Sunday, 13 December 2009

Directions of Energy.

This post is a direct lead-up from the last. I kept thinking about "energy direction = dimension" and a lot of things seemed to fit.

I began by thinking of the smallest particles we know being a result of combined flows of energy. This didn't sit quite right with me, but then I thought: what if the base of everything we see around us, no matter its level of construction, is in fact energy flowing in the same direction, and that very energy is the base of attraction we call gravity? If every molecule contains atoms that contain hadrons that contain quarks, it doesn't really matter the stage of construction, does it? If it is proven that every particle we know contains some gravitational force, this adds up to something for me.

We know that when particle combine in massive quantities, a huge gravitational pull is created; the higher end of this phenomenon we call black holes. Now, scientists have stated since decades that gravity at the centre of some black holes is so enormous that matter practically ceases to exist - but what if it does cease to exist - at least in our direction, or dimension? What if the forces accumulate in numbers so great that it causes them to... change direction? They would essentially disappear - at least to our dimension.

Take this model to the other end of the scale: we have quite recently begun experimentation with particle accelerators. Isn't the aim of this endeavour in the same high-energy direction as the centre of a black hole - combining particles under the duress of super-high energy levels? I have to check my facts, but it would seem to me that in some atom collisions, some quarks had "disappeared".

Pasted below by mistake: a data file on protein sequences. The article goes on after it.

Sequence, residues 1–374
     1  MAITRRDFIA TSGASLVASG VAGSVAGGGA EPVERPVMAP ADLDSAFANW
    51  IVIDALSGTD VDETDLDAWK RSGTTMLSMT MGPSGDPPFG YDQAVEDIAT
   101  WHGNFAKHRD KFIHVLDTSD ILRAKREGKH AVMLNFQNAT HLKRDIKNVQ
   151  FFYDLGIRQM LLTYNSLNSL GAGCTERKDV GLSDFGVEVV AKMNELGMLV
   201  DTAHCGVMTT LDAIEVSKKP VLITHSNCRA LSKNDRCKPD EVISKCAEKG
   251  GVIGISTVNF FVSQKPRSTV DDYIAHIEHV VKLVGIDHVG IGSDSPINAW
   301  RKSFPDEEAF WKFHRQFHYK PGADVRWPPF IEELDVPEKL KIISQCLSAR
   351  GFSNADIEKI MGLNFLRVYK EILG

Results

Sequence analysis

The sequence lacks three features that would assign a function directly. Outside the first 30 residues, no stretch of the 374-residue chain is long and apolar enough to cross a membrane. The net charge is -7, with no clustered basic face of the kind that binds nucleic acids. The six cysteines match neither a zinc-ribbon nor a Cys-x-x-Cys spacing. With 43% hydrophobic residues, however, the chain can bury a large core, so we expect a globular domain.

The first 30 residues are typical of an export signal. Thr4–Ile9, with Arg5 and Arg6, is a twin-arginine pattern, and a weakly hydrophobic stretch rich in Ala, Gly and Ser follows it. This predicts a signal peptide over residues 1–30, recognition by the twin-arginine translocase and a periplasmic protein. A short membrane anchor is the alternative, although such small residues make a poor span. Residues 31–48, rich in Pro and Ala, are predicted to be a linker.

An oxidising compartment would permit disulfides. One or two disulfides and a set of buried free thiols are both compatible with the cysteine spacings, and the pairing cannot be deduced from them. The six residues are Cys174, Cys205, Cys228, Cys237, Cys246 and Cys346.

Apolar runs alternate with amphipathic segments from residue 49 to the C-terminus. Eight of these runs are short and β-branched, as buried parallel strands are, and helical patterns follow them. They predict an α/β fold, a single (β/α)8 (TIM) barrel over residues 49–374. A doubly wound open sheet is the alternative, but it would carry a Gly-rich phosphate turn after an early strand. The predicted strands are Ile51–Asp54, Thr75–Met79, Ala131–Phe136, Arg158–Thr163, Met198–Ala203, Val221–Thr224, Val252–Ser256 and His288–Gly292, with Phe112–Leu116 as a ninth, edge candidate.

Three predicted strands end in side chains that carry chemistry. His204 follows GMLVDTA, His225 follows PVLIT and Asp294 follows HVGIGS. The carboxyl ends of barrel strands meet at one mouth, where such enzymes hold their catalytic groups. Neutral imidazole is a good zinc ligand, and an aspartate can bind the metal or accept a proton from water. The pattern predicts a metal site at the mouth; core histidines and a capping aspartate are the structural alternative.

Finally, back to the big bang. What if the origins of the world as we know it wasn't an explosion (in the conventional sense of the term), but an accumulation of energy in one dimension so massive that it suddenly... changed direction? This model of 'injection' of energy from a single point redirected into our present direction would explain many things - namely the limits of our universe (the 'nothingness' beyond), and it would also define what dimensions are as well as the infinite possibilities of what directions they may take - or at the least, it can show the uniqueness of the dimension direction we are travelling in, and the difficulties and conditions of travelling to others.

Addendum: At a first glance, the above seems to be consistant with Einstein's E=mc² - but if his equasion was used as an equasion mapping containment, or comparison (mass/energy), and not conversion? I also have doubts about the constance of 'c' (the speed of light)... in my attempt to make a timeless model, a certain element of c (if it were to contain or be a result of a 'flow' tying us into our present direction) would enter into - or be substracted from - both sides of the equasion. More later.